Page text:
The number of reported cases of domestically acquired cyclosporiasis illnesses has increased by 254 cases since the last update on July 14, 2021. Cases continue to be reported to CDC.
As of July 27, 2021, 462 laboratory-confirmed cases of cyclosporiasis in people who had no history of international travel during the 14-day period before illness onset have been reported to CDC by 29 jurisdictions, including 28 states and New York City.
The median illness onset date is June 20, 2021 (range: May 1, 2021–July 16, 2021).
At least 41 people have been hospitalized; no deaths have been reported.Cyclosporiasis illnesses are reported year-round in the United States; however, during the spring and summer months there is often an increase in cyclosporiasis acquired in the United States (i.e., “domestically acquired”). The exact timing and duration of these seasonal increases in domestically acquired cyclosporiasis can vary, but reports tend to increase starting in May. In previous years the reported number of cases peaked between June and July, although activity can last as late as September. The overall health impact (e.g., number of infections or hospitalizations) and the number of identified clusters of cases (i.e., cases that can be linked to a common exposure) also vary from season to season. Previous U.S. outbreaks of cyclosporiasis have been linked to various types of fresh produce, including basil, cilantro, mesclun lettuce, raspberries, and snow peas.
CDC, along with state and federal health and regulatory officials, monitor cases of cyclosporiasis in the United States in the spring and summer months to detect outbreaks linked to a common food source. However, many cases of cyclosporiasis cannot be directly linked to an outbreak, in part because of the lack of validated laboratory “fingerprinting” methods needed to link cases of Cyclospora infection. Officials use questionnaires to interview sick people to determine what they ate in the 14-day period before illness onset. If a commonality is found, CDC and partners work quickly to determine if a contaminated food product is still available in stores or in peoples’ homes and issue advisories.
Cyclospora cayetanensis is a unicellular, microscopic parasite that can cause food- or water-related gastrointestinal illness. Cyclospora cannot be transmitted directly from one person to another through infected fecal matter; the parasite must complete part of its lifecycle outside of a host. Most cases of cyclosporiasis occur in underdeveloped tropical and subtropical regions of the world where the parasite is endemic.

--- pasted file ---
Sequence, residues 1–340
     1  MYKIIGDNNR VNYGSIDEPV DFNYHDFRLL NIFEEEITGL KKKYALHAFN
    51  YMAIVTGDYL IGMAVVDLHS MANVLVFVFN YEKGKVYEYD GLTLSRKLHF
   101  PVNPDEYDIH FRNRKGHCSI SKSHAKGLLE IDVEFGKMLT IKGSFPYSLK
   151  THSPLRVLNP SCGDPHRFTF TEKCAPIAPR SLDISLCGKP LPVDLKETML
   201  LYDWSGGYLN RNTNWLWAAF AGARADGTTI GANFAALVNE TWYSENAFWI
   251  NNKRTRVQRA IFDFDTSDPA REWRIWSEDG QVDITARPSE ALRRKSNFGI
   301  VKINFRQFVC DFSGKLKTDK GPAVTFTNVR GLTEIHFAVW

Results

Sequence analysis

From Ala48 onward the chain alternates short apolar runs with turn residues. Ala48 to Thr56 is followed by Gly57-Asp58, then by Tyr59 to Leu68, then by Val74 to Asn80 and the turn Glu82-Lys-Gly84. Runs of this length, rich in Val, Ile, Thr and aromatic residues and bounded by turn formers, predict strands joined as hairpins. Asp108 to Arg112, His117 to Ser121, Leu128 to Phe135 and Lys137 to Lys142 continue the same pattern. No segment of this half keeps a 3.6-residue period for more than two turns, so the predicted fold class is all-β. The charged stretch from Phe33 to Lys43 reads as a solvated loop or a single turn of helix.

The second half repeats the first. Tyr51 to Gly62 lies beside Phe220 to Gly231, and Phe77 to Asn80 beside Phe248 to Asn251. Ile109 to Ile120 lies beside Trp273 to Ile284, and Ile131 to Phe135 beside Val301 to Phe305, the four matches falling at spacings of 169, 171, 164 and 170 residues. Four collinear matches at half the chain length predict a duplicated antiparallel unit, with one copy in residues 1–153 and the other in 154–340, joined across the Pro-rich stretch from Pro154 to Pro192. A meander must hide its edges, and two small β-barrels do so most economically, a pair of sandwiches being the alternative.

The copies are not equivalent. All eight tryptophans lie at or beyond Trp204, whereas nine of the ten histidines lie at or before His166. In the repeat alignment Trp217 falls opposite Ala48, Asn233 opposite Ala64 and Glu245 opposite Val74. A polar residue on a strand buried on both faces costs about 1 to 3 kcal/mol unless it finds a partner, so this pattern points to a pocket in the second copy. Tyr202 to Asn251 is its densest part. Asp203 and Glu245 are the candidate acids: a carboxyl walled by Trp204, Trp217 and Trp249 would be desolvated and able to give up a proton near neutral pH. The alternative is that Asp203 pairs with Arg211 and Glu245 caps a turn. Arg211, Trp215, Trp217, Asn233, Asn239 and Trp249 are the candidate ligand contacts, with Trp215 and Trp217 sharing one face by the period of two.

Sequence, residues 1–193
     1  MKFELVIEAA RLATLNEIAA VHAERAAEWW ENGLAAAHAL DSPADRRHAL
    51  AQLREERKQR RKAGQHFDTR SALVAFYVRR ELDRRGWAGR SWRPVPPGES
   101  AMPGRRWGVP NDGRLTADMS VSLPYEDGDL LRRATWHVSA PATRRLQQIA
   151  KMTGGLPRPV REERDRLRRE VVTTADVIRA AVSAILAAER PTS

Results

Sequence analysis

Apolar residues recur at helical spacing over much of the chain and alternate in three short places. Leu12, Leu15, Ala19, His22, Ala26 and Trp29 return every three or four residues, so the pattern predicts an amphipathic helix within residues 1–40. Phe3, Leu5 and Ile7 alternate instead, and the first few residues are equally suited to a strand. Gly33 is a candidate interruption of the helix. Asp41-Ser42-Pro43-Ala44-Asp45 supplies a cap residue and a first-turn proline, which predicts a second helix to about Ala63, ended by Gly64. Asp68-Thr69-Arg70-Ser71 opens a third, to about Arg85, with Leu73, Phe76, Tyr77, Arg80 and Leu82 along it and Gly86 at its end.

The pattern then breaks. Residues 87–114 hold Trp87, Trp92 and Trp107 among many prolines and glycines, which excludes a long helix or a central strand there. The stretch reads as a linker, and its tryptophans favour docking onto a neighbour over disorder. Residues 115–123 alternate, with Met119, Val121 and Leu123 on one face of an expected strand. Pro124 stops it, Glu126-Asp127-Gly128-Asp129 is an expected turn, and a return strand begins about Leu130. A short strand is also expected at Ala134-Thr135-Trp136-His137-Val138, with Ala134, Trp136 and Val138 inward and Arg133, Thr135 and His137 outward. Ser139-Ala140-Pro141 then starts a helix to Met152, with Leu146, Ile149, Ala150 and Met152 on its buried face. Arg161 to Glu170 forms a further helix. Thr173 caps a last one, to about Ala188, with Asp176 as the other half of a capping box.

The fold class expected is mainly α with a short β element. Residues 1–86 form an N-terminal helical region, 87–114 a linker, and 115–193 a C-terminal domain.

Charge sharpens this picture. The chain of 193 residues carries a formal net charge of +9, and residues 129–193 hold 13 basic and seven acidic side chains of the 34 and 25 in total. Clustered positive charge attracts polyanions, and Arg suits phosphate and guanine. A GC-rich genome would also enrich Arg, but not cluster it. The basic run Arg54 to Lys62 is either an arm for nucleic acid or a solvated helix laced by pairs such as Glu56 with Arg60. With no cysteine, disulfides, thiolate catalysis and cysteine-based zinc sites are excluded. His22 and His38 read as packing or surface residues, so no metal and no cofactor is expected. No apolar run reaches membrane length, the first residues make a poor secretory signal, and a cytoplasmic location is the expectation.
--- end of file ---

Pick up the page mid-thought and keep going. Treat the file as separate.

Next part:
In the United States, Cyclospora causes about 11,000 illnesses and 11 hospitalizations, but infestations of this parasite do not typically result in death. Due to the self-limiting nature of the pathogen (which causes some people to not seek medical care), difficulty in diagnosing it specifically, and other factors, the Centers for Disease Control and Prevention (CDC) estimates that there could be very broad ranges of infection, from 140 to 38,000 annual cases. In North America, outbreaks of cyclosporiasis in humans have been reported mostly from contaminated fresh food products, such as soft fruits (raspberries, blackberries, and strawberries), leafy vegetables (lettuce and mixed salad), and herbs (basil and cilantro). Soil is another possible infection source, particularly in areas with poor environmental sanitation.
Since Cyclospora infections tend to respond to the appropriate treatment, complications are more likely to occur in individuals who are not treated or not treated promptly. These can include disorders of malabsorption, reactive arthritis, cholecystitis (inflammation of the gallbladder), and, possibly, Guillain-Barré Syndrome.
Cyclospora: Marler Clark, The Food Safety Law Firm, is the nation’s leading law firm representing victims of Cyclospora outbreaks. The Cyclospora Attorneys and Lawyers have represented victims of Cyclospora and other foodborne illness outbreaks and have recovered over $800 million for clients. Marler Clark is the only law firm in the nation with a practice focused exclusively on foodborne illness litigation. Our Cyclospora lawyers have litigation Cyclospora cases stemming from outbreaks traced to basil and lettuce products.
If you or a family member became ill with a Cyclospora infection after consuming food and you are interested in pursuing a legal claim, contact the Marler Clark Cyclospora attorneys for a free case evaluation.